This past year, I sent out 33 submissions, 7 of which were new stories, with another extensive rewrite. I have another 3 finished drafts that aren’t quite ready, and about 3-4 stories at various different stages of I’m Working On That.
And that’s in addition to the 50,000+ words I wrote for my NaNo space opera mosaic novel, and some work on my first novel.
Assuming all my current submissions from 2016 are declined, I made it 33% of the way toward some of the best writing advice I’ve read during the whole year: aiming for 100 rejections. Honestly, I’ll take that.
I didn’t sell any stories, but I got 2 rewrite offers, 2 honorable mentions for Writers of the Future, 7 personal rejections and published one of my shorts (which I think came out fantastic) with my writer’s group. I’m getting close to that first elusive story winning the Submission Hunger Games.
All that said, I’ve been feeling like this was a bit of a step back from last year — and in many ways, the numbers bear that out. I wrote 12 more stories last year, and sent out 17 more submissions. That was a very productive year. Even more disappointing to me, personally, is the fact that I almost never missed deadlines on submissions I targeted last year, and this year I missed 3…. in December alone.
That said, the quality of my stories have definitely improved: both in my new stories and in improving some of my stories from last year.
In 2015, I had 3 personal rejections in 50 submissions and no honorable mentions at Writers of the Future. In 2016, I more than doubled my personal rejections and have two HMs in my past 3 tries at WotF (and feel really good about my current submission).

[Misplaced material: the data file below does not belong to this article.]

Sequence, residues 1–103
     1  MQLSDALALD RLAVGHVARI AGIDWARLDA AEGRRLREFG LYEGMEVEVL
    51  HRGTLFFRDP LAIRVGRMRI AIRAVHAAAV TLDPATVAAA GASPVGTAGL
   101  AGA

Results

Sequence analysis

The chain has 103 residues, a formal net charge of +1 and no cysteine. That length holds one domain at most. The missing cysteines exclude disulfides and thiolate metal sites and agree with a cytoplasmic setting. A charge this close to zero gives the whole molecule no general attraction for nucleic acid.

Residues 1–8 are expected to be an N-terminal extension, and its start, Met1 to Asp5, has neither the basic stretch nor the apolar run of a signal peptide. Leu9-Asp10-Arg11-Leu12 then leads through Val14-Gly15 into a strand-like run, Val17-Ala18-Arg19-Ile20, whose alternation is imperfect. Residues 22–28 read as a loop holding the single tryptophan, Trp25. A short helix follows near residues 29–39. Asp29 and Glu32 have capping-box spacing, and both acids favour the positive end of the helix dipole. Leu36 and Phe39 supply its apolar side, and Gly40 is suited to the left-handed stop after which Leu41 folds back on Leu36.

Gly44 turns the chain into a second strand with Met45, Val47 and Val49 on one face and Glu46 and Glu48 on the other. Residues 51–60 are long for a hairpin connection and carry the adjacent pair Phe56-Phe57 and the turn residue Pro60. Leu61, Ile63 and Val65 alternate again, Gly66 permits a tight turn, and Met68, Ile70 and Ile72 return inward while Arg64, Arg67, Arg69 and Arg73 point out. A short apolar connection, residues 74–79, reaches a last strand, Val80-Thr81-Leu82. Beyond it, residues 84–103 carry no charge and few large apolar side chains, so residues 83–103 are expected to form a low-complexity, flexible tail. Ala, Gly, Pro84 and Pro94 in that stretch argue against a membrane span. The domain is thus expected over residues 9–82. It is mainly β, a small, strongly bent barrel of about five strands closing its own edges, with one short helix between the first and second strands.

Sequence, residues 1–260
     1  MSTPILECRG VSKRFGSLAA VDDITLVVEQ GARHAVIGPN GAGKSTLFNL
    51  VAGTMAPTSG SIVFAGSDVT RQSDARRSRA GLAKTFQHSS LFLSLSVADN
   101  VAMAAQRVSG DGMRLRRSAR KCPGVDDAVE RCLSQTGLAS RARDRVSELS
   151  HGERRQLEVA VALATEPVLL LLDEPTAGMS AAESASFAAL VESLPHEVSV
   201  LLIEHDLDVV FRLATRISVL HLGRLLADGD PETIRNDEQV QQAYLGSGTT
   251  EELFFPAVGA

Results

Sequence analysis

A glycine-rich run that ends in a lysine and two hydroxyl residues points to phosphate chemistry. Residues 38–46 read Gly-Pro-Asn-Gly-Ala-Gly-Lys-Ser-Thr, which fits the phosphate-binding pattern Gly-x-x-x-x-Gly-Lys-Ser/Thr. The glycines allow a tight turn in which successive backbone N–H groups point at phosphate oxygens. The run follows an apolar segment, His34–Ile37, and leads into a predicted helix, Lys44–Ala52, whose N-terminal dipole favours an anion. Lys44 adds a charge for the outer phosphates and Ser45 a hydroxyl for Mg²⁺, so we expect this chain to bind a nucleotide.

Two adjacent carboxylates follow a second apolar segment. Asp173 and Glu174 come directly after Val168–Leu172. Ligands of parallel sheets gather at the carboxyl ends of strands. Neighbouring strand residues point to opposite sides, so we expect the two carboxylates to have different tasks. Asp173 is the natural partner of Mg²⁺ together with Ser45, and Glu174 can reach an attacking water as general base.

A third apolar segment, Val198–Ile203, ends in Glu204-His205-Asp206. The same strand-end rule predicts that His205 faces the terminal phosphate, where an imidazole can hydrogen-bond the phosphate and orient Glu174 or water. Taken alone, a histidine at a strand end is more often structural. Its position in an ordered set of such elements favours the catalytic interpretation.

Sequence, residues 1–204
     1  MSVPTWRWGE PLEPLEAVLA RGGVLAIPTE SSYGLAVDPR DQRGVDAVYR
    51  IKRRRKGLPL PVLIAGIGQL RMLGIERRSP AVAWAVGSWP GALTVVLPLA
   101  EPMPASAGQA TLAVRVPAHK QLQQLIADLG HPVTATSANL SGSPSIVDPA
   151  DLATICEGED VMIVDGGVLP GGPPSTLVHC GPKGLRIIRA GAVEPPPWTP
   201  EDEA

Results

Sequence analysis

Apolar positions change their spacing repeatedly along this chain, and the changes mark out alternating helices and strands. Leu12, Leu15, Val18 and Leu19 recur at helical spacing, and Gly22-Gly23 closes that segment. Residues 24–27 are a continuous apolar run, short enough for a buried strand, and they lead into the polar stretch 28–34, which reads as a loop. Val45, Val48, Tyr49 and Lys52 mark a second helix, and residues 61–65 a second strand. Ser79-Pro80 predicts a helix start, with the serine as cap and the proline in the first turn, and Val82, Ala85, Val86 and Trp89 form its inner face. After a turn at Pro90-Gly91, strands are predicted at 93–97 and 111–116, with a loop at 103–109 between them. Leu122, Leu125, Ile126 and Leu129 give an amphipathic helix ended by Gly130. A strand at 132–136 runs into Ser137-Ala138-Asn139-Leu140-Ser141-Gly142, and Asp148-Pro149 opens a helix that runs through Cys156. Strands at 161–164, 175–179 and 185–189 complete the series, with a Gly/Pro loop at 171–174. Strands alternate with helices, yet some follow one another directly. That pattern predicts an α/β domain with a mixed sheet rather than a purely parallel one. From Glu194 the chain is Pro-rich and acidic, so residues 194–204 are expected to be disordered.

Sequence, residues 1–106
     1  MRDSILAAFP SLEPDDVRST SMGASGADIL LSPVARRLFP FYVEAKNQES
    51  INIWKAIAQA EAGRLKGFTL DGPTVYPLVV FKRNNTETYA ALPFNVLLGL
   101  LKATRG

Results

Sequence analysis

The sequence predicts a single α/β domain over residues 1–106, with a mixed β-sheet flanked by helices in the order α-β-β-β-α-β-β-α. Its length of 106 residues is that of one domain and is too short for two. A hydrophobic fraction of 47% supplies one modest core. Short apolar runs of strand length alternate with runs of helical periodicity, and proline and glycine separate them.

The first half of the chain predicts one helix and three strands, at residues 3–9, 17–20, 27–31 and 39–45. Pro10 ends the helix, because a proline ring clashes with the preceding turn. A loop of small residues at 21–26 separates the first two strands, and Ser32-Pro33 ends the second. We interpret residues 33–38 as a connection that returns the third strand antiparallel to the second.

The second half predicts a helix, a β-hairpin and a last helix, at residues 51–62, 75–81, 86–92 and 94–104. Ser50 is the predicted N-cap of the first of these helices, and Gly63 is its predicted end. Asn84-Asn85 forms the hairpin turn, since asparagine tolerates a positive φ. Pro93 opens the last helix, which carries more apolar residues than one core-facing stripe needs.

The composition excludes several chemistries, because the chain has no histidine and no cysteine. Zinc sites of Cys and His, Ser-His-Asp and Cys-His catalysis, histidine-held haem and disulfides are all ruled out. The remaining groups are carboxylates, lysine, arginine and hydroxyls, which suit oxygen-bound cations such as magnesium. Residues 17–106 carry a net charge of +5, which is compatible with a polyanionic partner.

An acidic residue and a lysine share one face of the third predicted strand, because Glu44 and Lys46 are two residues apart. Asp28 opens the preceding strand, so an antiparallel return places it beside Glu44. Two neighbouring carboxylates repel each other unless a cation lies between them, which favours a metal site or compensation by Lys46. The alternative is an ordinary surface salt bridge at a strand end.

I’m big on the school of glass half full. I didn’t write (or edit) as much as I’d have liked in 2016, but I still wrote quite a bit. Writing is tough and life gets in the way, but I’m getting better — and, most importantly of all, not giving up.
There’s something out there that I wrote and you can buy. That’s… like… kind of exciting, and I figured I should provide a link.
The details: About a year ago, I joined a writing group near where I live. Every few years, the writing group puts together a work of our short stories. With the writing group being based in Salem, Massachusetts, a number of our writers enjoy writing ghost stories — and, thus, Ghost Writers Volume 2, was born.
My story is called “The Long Arm of Satan” and closes out the book. It’s about a guy in hell who’s trying to escape. I hope people will find it both hellish and literary.